Asano Nagamasa (浅野 長政?, 1546 – May 29, 1611) was the brother-in-law of Toyotomi Hideyoshi and one of his chief advisors. Asano also fought for Hideyoshi in a number of campaigns during the Sengoku period of the 16th century of Japan.
Asano accompanied Hideyoshi in his campaign against the Mōri clan, and fought in Hideyoshi's invasions of Korea. He also fought for Hideyoshi against the Hōjō clan in 1590 and captured Iwatsuki and Edo castles.
Asano was also appointed by Hideyoshi to a Commission of Five (Go-Bugyō) along with Ishida Mitsunari, Maeda Gen'i, Mashita Nagamori and Natsuka Masaie. Asano held seniority over the Commissioners, who were charged with governing the capital of Kyoto and the Home Provinces or Kinai. A close advisor to Hideyoshi, Asano devised the land survey and a number of other policies enacted under his rule.
In 1598, Hideyoshi's invasions were coming to an end, and Asano was sent to Korea with his fellow Commissioner Ishida Mitsunari to arrange for Japanese withdrawal. Asano was assured by the generals that the war was going well, and that they were on the verge of victory. Ishida disagreed, however, and supported withdrawal from Korea. Returning to Japan, daimyō (feudal lords) from across the country became involved in the debate, and the disagreement grew into a major governmental rift. The Go-Bugyō disbanded soon afterwards, having already been replaced by the Council of Five Elders (Tairō) by Hideyoshi before his death.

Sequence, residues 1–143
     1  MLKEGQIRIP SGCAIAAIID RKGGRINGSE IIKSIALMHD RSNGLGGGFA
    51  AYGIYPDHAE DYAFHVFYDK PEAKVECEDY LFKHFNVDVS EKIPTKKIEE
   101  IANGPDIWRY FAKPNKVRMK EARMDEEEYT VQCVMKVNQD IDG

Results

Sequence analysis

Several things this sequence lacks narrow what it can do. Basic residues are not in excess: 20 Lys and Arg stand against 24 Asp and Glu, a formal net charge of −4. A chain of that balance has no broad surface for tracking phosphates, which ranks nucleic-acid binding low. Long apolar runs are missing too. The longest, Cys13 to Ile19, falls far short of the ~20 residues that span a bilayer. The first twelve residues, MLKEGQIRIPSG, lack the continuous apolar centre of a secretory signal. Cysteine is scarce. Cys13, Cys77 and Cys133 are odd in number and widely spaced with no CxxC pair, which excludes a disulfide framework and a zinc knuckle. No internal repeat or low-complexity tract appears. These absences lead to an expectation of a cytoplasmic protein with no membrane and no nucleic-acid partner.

Nagamasa was succeeded by his son Asano Yoshinaga.
- Sansom, George (1961). "A History of Japan: 1334-1615." Stanford: Stanford University Press.
- Turnbull, Stephen (1998). 'The Samurai Sourcebook'. London: Cassell & Co.
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